Lakshmi Kotra receives Julia Levy Award from Society of Chemical Industry
Professor Lakshmi P. Kotra has received the Julia Levy Award from the Society of Chemical Industry Canada for commercializing several drug discoveries, including new compounds to treat multiple sclerosis, diabetic neuropathy and malaria that are in or nearing clinical trials.
“It was a surprise and delightful honour to receive this award,” says Kotra. “It’s certainly a shot in the arm that the work I’ve done in the past 21 years has been valuable.”
Kotra, trained as a medicinal chemist, first got a taste of commercializing scientific discoveries early in his research career as a graduate student at the University of Georgia. His supervisor and lab there studied viral diseases including HIV, hepatitis B and hepatitis C, and discovered anti-viral compounds — several of which were developed into drugs currently used to treat patients.
While Kotra played a minor role in those discoveries, seeing this other aspect of scientific work inspired him to consider commercialization as a way to help patients benefit from his work.
“As an inventor, I feel that it’s my responsibility to make a difference in society with these discoveries,” he says.
“If we are successful in developing new drugs that are needed, we are providing new tools for health care teams and improving outcomes for patients.”
Since Kotra moved to Toronto and accepted a position at the Leslie Dan Faculty of Pharmacy more than 20 years ago, his lab has undertaken research related to multiple infectious diseases and chronic conditions, and he has launched several start-up companies and licensed technologies developed in his lab to bring the discoveries closer to clinical use.
For example, Kotra’s work with global partners led to the discovery of an anti-malarial drug that has moved from the lab to near clinical trials over the past 15 years. He was also part of the team that discovered a molecule that has become a completely new way to treat diabetic neuropathy and is currently in phase 2 clinical trials. His team recently discovered a new class of molecules that can prevent and even reverse neurodegenerative disorders such as multiple sclerosis.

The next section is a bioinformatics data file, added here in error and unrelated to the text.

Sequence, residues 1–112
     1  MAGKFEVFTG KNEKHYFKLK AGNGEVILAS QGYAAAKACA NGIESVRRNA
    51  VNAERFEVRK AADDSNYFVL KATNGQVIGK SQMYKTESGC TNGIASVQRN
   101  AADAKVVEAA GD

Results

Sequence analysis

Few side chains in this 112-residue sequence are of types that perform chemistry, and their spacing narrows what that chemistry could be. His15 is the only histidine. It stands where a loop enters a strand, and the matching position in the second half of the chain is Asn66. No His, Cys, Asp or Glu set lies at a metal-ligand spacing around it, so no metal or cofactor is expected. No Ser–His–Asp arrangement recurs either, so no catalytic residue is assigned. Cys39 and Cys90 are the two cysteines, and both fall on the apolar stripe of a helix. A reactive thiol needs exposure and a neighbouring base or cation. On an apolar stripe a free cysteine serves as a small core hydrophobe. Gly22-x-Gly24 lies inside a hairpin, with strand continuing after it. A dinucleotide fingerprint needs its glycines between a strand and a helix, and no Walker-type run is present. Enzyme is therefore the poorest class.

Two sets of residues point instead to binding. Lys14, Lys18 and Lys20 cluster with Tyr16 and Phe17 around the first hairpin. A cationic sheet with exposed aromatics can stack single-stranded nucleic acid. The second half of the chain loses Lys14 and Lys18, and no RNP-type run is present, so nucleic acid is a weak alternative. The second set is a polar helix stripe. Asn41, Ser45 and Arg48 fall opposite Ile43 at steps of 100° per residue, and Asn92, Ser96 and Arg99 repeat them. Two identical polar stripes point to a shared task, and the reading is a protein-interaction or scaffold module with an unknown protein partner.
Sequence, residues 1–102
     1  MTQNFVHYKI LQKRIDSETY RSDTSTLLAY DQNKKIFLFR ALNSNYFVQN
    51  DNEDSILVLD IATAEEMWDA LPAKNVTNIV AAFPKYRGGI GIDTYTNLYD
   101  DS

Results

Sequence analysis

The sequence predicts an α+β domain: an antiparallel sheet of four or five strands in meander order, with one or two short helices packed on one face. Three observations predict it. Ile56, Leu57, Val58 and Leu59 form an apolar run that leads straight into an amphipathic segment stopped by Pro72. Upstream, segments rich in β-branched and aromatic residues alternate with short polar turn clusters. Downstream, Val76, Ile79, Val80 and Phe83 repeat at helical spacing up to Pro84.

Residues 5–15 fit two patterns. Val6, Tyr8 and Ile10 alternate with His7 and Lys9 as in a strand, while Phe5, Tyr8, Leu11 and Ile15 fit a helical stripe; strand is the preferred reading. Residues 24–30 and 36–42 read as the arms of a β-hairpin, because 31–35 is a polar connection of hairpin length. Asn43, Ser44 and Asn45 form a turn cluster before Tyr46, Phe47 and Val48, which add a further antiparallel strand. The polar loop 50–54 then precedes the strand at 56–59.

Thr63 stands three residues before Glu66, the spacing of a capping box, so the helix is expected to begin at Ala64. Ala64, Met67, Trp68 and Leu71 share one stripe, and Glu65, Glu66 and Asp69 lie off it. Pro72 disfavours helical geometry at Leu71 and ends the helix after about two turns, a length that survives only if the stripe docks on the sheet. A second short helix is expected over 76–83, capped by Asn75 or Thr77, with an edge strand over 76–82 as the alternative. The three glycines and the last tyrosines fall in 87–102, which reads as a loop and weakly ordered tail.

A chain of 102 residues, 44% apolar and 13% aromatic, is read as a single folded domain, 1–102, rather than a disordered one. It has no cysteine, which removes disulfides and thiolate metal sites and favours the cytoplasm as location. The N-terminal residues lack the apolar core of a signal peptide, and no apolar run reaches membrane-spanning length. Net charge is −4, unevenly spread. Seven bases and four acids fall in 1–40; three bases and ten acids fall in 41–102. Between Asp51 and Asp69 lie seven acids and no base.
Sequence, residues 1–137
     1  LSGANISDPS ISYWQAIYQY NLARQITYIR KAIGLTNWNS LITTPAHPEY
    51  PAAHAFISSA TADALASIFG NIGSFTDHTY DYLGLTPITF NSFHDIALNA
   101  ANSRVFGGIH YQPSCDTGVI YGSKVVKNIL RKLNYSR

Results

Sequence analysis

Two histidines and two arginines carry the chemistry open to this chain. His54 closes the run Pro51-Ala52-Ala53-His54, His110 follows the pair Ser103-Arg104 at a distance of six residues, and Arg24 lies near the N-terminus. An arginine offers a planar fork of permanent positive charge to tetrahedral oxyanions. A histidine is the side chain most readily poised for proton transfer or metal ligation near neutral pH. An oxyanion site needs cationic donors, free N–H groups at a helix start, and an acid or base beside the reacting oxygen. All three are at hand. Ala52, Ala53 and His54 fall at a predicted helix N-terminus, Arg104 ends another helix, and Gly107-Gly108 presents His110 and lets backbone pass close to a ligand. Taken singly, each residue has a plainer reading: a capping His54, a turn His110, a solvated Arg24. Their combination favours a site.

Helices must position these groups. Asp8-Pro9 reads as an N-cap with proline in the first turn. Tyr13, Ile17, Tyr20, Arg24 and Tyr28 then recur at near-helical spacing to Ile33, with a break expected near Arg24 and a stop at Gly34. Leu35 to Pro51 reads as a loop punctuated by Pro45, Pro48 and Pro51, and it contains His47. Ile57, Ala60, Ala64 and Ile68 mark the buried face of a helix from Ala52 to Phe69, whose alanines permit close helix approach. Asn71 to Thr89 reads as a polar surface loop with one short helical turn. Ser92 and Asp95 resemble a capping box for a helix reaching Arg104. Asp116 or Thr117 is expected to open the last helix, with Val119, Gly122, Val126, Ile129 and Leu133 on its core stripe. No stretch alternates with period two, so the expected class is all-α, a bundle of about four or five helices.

In all these cases, Kotra was involved from conception through development, and acknowledged large teams in science and business have been critical to advance the discoveries.
“Bringing a new drug to market or taking it into clinical trials requires true teamwork coming from every area and working hand in hand,” says Kotra. “It takes equal acumen in science and business, but also a team of sometimes hundreds of people to make it happen.”
While Kotra’s team works on a variety of projects, one of his main interests in recent years has been medical cannabis, and his team is one of the leading groups in Canada conducting research in this area. They are investigating the medicinal chemistry of cannabis and have partnered with industry to advance technology to extract cannabinoids to produce pharmaceutical-grade products.
Bringing new discoveries to market is challenging, often frustrating and takes a lot of persistence, but Kotra says scientists have an important role to play in that effort.
“Those with the passion to develop these discoveries need to push them forward or it won’t happen,” says Kotra. “If I want to make a difference beyond academia, I have to put my sweat and heart into it and move these advances forward.”
By Eileen Hoftyzer
Pharmaceutical Chemistry grad Luke Spooner credits U of T education and mentorship for developing key skills for drug policy workRead More
PharmD program Director and Assistant Professor Natalie Crown shares the challenges and opportunities the pandemic has presented, and how being both a mentor and mentee has helped her stay motivated.Read More